OTTAWA — The federal Conservatives entered this election year having outpaced the Liberals in fundraising by more than $8.3 million in 2018, and with extra cash in the bank, the party’s financial returns show.

The Conservatives raised about $24.2 million from 104,000 donors in 2018, more than the $15.9 million the Liberals raised from 66,000 people, leaving the Tories with almost $9.9 million in cash compared to the $2.3 million held by the Liberals. 

The Greens raised $3.1 million last year from 16,700 donors — their best showing in a non-election year — leaving them with about $1.1 million in cash, a small bump from 2017.

It was the fourth consecutive year that the Tories have out-fundraised the Liberals, based on a review of annual returns filed with Elections Canada. The parties must submit their annual numbers by July unless they receive extensions, as the New Democrats did this year.

The figures provide a window on the financial health of the parties as they ramped up fundraising efforts ahead of this fall’s federal election, when donations tend to jump as supporters rush to fill campaign war chests.

And they are also used by the parties to fuel calls for further donations and partisan attacks on their opponents.

The Liberals took aim at the amount the Conservatives spent to raise money, which the Tory documents list as being almost $8.5 million in 2018, up from the almost $7.2 million the party spent in 2017.

The Liberals spent almost $3.4 million to raise money in 2018, up from almost $2.8 million in 2017, which spokesman Parker Lund said shows the party delivers “far more value” for individual donations.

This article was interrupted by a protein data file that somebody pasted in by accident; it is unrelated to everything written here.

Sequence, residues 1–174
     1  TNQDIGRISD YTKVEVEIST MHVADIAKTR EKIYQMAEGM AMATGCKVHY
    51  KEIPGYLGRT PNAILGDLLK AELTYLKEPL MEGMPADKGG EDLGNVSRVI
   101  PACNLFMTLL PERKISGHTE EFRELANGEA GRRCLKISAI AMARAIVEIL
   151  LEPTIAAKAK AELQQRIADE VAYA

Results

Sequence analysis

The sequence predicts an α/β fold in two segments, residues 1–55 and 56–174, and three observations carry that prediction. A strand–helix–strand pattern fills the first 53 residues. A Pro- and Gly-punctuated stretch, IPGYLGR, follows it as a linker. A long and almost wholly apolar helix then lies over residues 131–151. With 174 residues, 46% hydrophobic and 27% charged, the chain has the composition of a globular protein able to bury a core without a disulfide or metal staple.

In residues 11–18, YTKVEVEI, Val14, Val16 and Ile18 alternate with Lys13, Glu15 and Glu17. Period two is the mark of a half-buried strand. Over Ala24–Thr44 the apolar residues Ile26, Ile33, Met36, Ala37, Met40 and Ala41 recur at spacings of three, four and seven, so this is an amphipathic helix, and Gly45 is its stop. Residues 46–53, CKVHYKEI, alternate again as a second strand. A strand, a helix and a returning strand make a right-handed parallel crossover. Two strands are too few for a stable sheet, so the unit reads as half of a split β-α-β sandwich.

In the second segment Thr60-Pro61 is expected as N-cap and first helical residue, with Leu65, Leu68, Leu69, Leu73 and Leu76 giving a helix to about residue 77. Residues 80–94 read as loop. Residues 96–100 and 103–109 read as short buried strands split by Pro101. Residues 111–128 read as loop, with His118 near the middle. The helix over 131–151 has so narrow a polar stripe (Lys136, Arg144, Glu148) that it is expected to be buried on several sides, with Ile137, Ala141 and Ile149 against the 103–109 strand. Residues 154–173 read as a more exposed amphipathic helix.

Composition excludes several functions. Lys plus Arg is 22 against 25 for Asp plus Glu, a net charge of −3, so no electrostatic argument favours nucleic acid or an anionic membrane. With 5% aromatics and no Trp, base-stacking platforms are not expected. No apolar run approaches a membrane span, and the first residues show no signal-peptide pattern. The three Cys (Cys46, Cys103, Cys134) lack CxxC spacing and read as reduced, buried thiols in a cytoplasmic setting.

For the Conservatives, the target was the two loans the Liberals took out last year through their lines of credit at two banks, which totalled $1.34 million. The Liberals also got more money sent to central party coffers from local candidates and riding associations, which pads the overall revenue figures.

Conservative spokesman Cory Hann said the Liberals will have to “dip further into their line of credit in order to run a campaign” and go further into debt unless they shed expenses — noting the Liberal government’s budget deficits in his critique.

Now the push is on for more money, with only a summer barbecue circuit standing between the parties and the official start of the fall campaign, expected in early September. Election day is scheduled for Oct. 21.

For 2019, the only data on party fundraising covers the first three months of the year, with the second quarter wrapping up at the end of June. What the figures from Elections Canada show is that between January and March, the Conservatives raised about $8 million, the Liberals almost $3.9 million, the NDP about $1.2 million and the Greens about $783,000.

Lund said the governing party had its best-ever June for fundraising this year. He also noted that the second half of 2018 saw the party’s best fundraising for the final six months of a non-election year and overall the Liberals were “the only major party to see consistent growth” in revenues.

Hann said his Conservatives’ $3.6 million in net revenues — what was left after all expenses were covered — is “to be put completely towards our campaign budget.”

In 2017, the NDP raised about $4.9 million, which was a second straight annual decline. A spokesman for the New Democrats said the party’s 2018 return will be filed in a few weeks. Guillaume Francoueur said in an email that the party plans to “run a full campaign” this year to get its message to voters.

Figures made public by the elections agency as of Wednesday afternoon also show that last year the Christian Heritage party raised $361,557, the Animal Protection party raised almost $260,000, the Marxist-Leninist party raised about $107,000 and the Marijuana Party raised $1,675.

The Canadian Press

The Canadian Press